In 1878 William Thomson, the later Lord Kelvin, published a concept for a mechanical device for the solution of systems of linear equations. This device was certainly a byproduct of his work on tide predicting machines where he computed weighted sums of sine functions using pulley systems.
- W. Thomson, On a Machine for the Solution of Simultaneous Linear Equations, Proc. R. Soc. Lond. 28 (1878), 111-113.
- W. Thomson, P. G. Tait, Treatise on Natural Philosophy, Cambridge University Press 1988, 482-487.
From 1934 to 1936 John Wilbur developed the MIT Simultaneous Calculator. He completed a prototype for the solution of systems with two equations on October 27, 1934. The final device could solve a system of nine homogeneous equations in ten unknowns. I have collected some links to newspaper, magazine and journal articles on the web.
- Calculating Machine for the Solution of Simultaneous Equations invented here, The MIT Tech LIV (40), October 30, 1934.
- Calculating Machine for Simultaneous Equations, Nature 134 (1934), p.877.
- A New Mechanical Brain, The Michigan Technic, January 1935, p.66.
- New Machine Solves Algebraic Problems, The Pittsburgh Press, December 7, 1936, p.33.
- Machine Solves Mathematical Problems in Few Seconds, The Times Record, Troy N.Y., December 15, 1936, p.18.
- Solves Algebraic Equations, The Rocky Mount Herald, January 15, 1937, p.1.
- Solves Algebraic Equations, The Montgomery Press 49 (9), January 15, 1937.
- Robot Solves Problems, Popular Science, February 1937, p.37.
- Robot Mathematician Solves Nine Simultaneous Equations, Science News Letter for February 13, 1937, p.101.
- The Mechanical Solution of Simultaneous Equations, Journal of the Franklin Institute 222 (6), December 1936, 715-724.
The most prominent user was Wassily W. Leontief who later won a Nobel prize in 1973 for his Input-Output analysis.
The Simultaneous Calculator is briefly described in the fantastic book A Computer perspective by the office of Charles and Ray Eames, and was on display in the underlying IBM exhibition in 1973.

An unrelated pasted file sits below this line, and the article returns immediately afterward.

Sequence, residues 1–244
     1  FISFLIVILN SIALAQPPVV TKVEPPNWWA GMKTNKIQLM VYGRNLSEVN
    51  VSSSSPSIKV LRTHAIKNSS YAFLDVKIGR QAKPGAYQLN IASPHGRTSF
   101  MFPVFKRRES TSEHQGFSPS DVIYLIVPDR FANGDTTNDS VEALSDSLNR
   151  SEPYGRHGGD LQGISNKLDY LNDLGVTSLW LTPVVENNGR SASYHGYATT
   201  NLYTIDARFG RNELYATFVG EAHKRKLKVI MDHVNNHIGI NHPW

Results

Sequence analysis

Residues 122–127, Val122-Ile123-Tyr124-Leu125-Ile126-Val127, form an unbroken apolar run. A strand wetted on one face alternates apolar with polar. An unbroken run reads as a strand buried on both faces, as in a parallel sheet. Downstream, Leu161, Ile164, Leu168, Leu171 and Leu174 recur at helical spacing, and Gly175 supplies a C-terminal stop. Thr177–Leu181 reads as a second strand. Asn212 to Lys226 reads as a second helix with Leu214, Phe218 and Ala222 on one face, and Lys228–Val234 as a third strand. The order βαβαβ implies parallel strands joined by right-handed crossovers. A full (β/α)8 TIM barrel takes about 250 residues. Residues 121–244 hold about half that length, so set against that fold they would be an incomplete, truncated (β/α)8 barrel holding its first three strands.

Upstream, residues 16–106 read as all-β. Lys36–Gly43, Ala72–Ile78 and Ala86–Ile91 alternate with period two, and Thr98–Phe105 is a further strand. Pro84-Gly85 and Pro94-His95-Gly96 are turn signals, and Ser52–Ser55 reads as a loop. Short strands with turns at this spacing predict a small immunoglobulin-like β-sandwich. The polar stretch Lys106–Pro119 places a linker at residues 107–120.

Unfortunately, the device seems to be lost at some later point of time.
I recommend to read the essay W. Cauer and his Mathematical Device by H. Petzold in the book Exposing Electronics about the Simultaneous Calculator and other very interesting, but more or less unsuccessful devices for the solution of systems of linear equations in the pre-digital era.
In 1944 Sasaki Tatsujiro, Shiga Makoto, Miita Junichi built a calculator that closely resembled the Simultaneous Calculator. It is on permanent display at the National Museum of Nature and Science, Tokyo.
- M. Maejima, Short History and Calculation of the Wilbur Machine (Japanese), Bull. Natn. Sci. Mus. Tokyo, Ser. E, 24 (2001), 25-29.
- E. Wada, Analogue calculator for nine simultaneous equations, IPSJ Magazine 50 (2009), 914–918.
- F. W. Sinden, Mechanisms for Linear Programs, Operation Research 7 (1959), 728-739.
- J. Stringer, K. B. Haley, The Application of Linear Programming to a Large-Scale Transportation Problem, Proc of First International Conference on Operational Research, Oxford, 1957.
The first one deals with mechanisms where the coefficients are 0 or 1 and shows nicely how duality in linear programming is reflected in dual mechanisms. The second one describes at the end a concrete device to solve the transportation problem.